McCain’s line of questioning for Comey not exactly a straight line

Sen. John McCain, R-Arizona, questions former FBI Director James Comey at Thursday’s hearing of the Senate Select Committee on Intelligence. McCain’s disjointed questions left some spectators scratching their heads. (Photo by Ben Moffat/Cronkite News)

Former FBI Director James Comey, stoic through much of the 2.5-hour Intelligence Committee hearing, appeared to grow impatient as he struggled to understand Sen. John McCain’s questions at the end of the hearing. (Photo by Ben Moffat/Cronkite News)

Spectators line up outside the Intelligence Committee hearing where former FBI Director James Comey’s testified about private discussions with President Donald Trump over FBI probes of Russian attempts to influence the White House. (Photo by Ben Moffat/Cronkite News)

WASHINGTON – Former FBI Director James Comey may have expected many things when he testified to a Senate committee Thursday – but being promoted to president was probably not one of them.

But that’s what Arizona Sen. John McCain appeared to do in a question in which he accidentally called the former FBI chief “President Comey.”

It was one of several disjointed questions from McCain on what was easily the biggest stage in Washington this week, a performance that left many scratching their heads and sparked a torrent of pokes, and jokes, on social media at his expense.

McCain soon got into the act, releasing a statement that said watching the Twitter posts on his performance made him think his “line of questioning went over people’s heads.”

It was a bit of levity in an otherwise serious day of testimony from Comey to the Senate Select Committee on Intelligence, which wanted to know whether President Donald Trump pressured Comey to drop an FBI investigation into Russian influence with top White House aides.

Lawmakers also asked Comey about the circumstances of his May 9 firing by Trump, who claimed low morale at the FBI and a lack of support for Comey in the agency led to his decision.

Comey began the 2.5-hour hearing by charging that the president’s claims that the FBI is in disarray “are lies,” and apologized to FBI employees for the slight.

A lawyer for Trump responded by noting that Comey reaffirmed the fact that the president is not under investigation, and that the former FBI director admitted being the source of some leaks to the news media after his firing.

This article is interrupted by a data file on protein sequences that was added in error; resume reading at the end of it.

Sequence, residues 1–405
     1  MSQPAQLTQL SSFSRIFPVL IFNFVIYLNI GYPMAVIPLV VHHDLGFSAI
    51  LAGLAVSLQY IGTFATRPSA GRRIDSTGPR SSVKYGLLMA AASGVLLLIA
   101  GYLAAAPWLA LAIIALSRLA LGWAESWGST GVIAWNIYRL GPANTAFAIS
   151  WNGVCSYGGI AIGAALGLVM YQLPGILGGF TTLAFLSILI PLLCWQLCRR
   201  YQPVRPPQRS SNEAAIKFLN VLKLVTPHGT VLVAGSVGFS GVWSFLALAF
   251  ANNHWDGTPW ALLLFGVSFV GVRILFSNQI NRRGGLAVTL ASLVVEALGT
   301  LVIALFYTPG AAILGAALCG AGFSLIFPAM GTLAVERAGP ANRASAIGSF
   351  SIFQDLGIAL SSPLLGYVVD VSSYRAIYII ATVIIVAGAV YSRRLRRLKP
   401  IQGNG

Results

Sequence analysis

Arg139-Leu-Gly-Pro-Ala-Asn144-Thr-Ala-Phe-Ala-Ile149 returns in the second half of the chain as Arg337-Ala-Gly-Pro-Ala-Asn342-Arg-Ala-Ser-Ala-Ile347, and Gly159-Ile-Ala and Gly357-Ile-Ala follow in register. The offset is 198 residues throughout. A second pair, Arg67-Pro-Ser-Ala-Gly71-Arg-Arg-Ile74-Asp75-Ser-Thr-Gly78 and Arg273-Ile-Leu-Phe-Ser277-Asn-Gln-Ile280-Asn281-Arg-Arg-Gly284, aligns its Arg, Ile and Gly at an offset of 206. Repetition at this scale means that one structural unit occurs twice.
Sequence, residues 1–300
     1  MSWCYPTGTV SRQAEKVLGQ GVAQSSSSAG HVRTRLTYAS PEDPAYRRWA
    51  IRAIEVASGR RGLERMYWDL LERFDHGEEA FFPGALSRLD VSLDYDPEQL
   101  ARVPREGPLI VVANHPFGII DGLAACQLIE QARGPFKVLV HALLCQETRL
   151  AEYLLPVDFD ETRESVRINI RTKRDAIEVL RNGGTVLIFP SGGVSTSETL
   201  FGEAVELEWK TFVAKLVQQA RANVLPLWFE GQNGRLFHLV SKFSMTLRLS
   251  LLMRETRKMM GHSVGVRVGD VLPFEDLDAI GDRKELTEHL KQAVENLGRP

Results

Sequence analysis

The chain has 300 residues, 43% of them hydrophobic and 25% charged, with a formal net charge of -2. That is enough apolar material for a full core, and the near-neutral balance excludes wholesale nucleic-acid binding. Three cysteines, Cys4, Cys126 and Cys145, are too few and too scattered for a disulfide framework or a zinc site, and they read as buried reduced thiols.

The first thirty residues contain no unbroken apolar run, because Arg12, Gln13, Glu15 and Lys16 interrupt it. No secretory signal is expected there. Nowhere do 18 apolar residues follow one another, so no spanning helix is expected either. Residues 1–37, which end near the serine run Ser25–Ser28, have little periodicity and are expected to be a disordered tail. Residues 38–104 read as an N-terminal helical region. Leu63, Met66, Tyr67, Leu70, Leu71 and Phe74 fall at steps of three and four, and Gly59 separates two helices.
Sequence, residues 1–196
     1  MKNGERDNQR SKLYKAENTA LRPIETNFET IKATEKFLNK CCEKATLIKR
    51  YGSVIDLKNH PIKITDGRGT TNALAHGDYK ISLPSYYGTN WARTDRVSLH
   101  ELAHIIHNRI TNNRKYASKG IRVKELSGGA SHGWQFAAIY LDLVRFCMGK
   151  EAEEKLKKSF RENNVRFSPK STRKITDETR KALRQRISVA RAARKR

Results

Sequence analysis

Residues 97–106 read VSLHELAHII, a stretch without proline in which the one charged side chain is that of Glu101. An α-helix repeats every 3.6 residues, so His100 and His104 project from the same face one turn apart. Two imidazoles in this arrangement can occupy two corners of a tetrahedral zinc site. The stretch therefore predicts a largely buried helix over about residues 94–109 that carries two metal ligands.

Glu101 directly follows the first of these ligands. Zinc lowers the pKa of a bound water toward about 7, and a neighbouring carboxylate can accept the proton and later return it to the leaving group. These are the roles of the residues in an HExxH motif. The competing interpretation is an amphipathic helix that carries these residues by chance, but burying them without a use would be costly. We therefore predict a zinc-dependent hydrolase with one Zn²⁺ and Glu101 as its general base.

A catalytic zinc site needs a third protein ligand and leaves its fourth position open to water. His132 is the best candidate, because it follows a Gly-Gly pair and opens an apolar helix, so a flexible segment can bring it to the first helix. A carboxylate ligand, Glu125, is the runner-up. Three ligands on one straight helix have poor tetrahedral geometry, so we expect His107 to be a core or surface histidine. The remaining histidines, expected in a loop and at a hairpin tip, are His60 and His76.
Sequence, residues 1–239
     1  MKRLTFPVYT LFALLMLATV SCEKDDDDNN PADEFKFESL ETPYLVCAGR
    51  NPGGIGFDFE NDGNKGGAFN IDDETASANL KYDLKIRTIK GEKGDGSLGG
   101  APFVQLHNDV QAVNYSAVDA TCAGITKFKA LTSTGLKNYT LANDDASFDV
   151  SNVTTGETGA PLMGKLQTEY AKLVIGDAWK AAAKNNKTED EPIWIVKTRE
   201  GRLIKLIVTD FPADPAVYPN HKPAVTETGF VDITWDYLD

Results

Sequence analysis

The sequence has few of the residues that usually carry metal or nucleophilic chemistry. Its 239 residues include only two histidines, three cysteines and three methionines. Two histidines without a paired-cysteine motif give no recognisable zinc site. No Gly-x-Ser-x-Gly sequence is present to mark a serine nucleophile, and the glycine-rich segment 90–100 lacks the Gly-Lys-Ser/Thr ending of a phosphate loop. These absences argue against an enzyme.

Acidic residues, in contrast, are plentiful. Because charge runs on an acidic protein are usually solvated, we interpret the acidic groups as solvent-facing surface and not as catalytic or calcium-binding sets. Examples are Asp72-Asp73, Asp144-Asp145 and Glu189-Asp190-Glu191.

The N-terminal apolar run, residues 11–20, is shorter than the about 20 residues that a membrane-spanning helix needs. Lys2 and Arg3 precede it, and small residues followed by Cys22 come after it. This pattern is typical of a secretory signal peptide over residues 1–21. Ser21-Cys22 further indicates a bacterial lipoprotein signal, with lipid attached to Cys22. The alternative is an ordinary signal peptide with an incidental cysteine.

The hearing came almost one month since his firing as FBI director and weeks after Comey agreed to appear before the committee, as long as the hearing was public.

The bipartisan committee grilled the former FBI director on his impression of the president, his stance on the relationship between Russia and the current administration, and the circumstances of his termination.

In his testimony, Comey answered as many questions as he could while carefully avoiding classified material. If a topic was too sensitive, Comey said he would answer questions on it during a closed-door session later in the afternoon.

McCain was the last senator to speak but his questions quickly bogged down. At one point where he appears to be asking about Trump, McCain asks Comey his opinion in “the case of Mr. Comey” then stumbles through several other names and titles before landing on “President Comey.”

The hard-to-follow line of question confused the otherwise stoic Comey, who went from audibly impatient with McCain to a laugh as he put up his hands to deny the president title.

The back-and-forth continued for eight minutes, with McCain struggling to frame questions and Comey trying to understand them as the two men occasionally talked over each other and other senators looked on, incredulous, until McCain ran out of time.

The Twitterverse exploded with jokes and jabs at McCain’s expense, with the senator’s questioning reaching third-most trending topic shortly after the hearing ended.

McCain was soon poking fun at himself in his early afternoon statement, which blamed his public gaffe on staying up too late to watch Wednesday night’s Arizona Diamondbacks game. The Diamondbacks’ Twitter account got in on the fun by responding simply with the shrugging emoji.

In the statement, McCain wrote what he couldn’t articulate at the hearing.

“What I was trying to get at was whether Mr. Comey believes that any of his interactions with the president rise to the level of obstruction of justice,” McCain said in that statement. He added that he still believed his question was important, and he plans “to submit it in writing to Comey for the record.”

McCain’s handling of the stumble was praised by Jason Rose, a public relations specialist from Scottsdale, who invoked the Diamondbacks in his analysis of the senator’s response.

“Zach Greinke is the No. 1 star for the Diamondbacks,” Rose said, comparing McCain to the former Cy Young award winner. “Not every outing is perfect and some outings are bad, but he’s still a great pitcher you want in rotation.”

Rose, who specializes in politics, elections, and crisis management, complimented McCain’s Twitter response, which helped mitigate the “concern that McCain went from cool senator to crazy uncle.” He said that McCain’s strength over the years has been self-deprecation.

“You can recognize when you’ve had a bad day, or a bad game. McCain had a bad day,” Rose said.

-Cronkite News video by Alex Valdez